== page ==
When assembling Pidgin 27 in January and February of 2020, the editorial board—like many across the globe—was unaware of the circumstances that the spring would bring. In a matter of days, we have been inundated with information about the transmission of the virus and have locked ourselves up in an effort to slow its spread. It is safe to say we are cooped up, some of us far from home, clutching onto our digital communication machines to remain somehow connected to one another. This new virtual reality makes us acutely aware of what we have so suddenly lost. The physical spaces of intellectual encounter seem impossible to replicate from the safety of our self-isolated bubbles. And the viral menace outside our doors reminds us of our all-too-human physicality. As the necessities for architectural space shift around us, its significance becomes more obvious, as does the significance of critical discourse surrounding it.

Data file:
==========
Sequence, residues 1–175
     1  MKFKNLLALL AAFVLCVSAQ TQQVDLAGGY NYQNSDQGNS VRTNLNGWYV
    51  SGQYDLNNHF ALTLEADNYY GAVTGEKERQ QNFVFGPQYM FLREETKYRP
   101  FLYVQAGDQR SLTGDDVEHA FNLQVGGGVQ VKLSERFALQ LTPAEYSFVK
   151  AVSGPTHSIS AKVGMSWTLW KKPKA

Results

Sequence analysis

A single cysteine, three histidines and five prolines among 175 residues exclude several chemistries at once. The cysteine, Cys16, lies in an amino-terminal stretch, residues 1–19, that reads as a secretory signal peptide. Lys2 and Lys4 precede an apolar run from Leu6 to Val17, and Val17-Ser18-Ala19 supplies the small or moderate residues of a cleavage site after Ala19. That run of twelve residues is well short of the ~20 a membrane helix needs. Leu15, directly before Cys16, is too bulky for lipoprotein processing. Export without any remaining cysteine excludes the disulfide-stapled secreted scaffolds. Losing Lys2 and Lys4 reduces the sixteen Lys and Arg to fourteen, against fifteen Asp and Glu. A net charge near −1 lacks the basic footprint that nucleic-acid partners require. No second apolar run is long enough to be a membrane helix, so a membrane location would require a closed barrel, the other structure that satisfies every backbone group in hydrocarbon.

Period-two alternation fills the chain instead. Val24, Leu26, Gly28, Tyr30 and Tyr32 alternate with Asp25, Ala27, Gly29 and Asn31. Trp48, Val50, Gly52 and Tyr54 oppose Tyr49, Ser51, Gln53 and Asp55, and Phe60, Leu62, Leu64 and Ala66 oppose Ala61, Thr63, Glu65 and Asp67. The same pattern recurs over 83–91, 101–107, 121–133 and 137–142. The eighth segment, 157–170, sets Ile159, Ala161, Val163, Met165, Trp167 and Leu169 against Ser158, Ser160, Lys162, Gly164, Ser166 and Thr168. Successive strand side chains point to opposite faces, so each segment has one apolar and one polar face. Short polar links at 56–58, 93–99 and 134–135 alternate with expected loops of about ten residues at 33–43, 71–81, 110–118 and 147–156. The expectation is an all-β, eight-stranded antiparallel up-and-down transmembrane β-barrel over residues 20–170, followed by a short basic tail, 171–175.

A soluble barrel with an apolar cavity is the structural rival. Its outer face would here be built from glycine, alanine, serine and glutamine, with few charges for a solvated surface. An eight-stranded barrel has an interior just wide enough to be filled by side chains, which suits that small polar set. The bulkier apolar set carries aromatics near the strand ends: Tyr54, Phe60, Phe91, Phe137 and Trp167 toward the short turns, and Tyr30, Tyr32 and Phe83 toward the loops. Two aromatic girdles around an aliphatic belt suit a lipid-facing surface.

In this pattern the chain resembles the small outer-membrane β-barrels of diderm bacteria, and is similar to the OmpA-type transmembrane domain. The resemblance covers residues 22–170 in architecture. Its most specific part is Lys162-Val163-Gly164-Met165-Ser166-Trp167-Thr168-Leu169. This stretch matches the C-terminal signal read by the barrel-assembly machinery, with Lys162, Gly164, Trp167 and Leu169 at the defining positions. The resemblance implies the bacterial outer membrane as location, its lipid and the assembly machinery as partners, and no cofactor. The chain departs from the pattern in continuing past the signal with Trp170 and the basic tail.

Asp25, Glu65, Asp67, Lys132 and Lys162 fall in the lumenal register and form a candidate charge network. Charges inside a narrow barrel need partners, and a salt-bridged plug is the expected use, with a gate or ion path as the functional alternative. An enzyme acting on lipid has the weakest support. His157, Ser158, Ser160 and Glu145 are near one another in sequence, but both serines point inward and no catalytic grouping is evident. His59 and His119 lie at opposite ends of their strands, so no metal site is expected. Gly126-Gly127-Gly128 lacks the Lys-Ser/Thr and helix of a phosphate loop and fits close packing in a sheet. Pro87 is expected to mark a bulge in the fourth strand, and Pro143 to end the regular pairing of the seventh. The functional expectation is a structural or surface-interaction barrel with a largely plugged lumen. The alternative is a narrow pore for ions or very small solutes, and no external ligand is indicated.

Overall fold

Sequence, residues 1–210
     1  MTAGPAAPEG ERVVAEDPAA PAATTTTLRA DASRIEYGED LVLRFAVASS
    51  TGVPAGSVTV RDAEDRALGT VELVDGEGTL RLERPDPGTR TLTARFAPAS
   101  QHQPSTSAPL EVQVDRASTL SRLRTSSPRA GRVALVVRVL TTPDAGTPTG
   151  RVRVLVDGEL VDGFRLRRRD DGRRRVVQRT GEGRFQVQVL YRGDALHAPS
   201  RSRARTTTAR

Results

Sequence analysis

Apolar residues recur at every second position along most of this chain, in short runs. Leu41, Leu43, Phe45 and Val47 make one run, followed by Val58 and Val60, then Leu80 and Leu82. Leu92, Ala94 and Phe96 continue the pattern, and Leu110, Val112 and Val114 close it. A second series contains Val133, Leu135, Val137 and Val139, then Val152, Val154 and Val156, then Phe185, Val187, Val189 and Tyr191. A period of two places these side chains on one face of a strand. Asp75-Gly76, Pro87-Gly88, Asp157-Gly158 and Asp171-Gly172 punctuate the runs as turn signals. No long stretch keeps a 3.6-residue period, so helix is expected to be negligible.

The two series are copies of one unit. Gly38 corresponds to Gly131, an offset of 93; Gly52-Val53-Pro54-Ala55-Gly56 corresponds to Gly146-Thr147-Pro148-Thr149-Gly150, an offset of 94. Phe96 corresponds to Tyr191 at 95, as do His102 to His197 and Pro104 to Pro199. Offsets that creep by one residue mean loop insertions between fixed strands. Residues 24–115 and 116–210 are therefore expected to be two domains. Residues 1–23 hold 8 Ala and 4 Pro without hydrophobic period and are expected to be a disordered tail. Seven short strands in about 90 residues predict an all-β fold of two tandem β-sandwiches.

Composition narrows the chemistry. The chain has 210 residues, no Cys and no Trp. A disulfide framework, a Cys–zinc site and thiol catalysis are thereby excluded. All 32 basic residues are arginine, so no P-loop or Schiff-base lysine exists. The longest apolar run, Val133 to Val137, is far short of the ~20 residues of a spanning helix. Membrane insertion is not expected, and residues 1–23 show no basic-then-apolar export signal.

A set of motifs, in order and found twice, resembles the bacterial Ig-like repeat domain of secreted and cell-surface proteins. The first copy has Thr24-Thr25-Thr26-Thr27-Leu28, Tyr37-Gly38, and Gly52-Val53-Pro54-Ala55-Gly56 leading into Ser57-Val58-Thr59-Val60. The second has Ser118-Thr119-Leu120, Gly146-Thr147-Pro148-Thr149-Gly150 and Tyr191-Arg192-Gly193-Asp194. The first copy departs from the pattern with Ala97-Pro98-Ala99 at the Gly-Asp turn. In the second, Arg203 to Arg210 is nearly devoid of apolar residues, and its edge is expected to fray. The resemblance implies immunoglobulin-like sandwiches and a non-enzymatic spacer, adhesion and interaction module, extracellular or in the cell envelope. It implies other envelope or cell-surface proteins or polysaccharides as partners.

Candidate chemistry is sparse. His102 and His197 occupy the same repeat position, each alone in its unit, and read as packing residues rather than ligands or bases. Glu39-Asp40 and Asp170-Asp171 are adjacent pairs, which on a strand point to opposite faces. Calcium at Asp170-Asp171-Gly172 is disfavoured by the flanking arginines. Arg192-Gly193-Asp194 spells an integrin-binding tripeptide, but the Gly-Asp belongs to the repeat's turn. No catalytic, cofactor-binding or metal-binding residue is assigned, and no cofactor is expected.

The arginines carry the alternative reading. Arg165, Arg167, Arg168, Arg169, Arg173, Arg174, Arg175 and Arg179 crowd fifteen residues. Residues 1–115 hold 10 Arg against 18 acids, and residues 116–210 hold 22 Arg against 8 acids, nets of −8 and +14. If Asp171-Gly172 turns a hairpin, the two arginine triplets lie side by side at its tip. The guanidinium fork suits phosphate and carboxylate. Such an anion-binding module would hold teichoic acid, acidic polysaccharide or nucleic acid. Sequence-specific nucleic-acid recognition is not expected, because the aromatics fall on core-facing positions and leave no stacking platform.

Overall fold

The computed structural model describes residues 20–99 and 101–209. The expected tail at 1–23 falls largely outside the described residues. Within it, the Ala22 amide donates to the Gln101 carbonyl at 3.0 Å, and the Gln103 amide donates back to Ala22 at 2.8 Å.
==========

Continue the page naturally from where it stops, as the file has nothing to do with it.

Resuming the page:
Pidgin 27 includes contributions from:
Basile Baudez, Iman Fayyad, Mahadev Raman and Current Interests, Daniel Maslan and Mariah Smith, Jacob McCarthy, Jeffrey Zhenhua Liu, Esra Akcan, Katie MacDonald and Kyle Schumann, Zach Colbert, Tiago Torres-Campos, Michelle Shu Meng, Eduardo Mediero, Dana Cuff, Erica Allen-Kim, Justine Yan, Maura Chen, André Tavares and Diego Inglez de Souza, and Frédéric Schnee.
Pidgin is a publication edited and designed by graduate students at the Princeton University School of Architecture. The name Pidgin encapsulates the spirit of the journal: a type of communication formed by a lack of common language, and a homonym for a low-tech, feathered dispatch. From its inception in 2005, Pidgin has provided a platform for the written and visual detritus of students, faculty, practitioners, historians, and theorists at Princeton and beyond, emphasizing current critical work across formats rather than polished products. By assembling a range of contributors and work, each issue creates an eclectic compilation of contemporary thought in architecture and its related disciplines.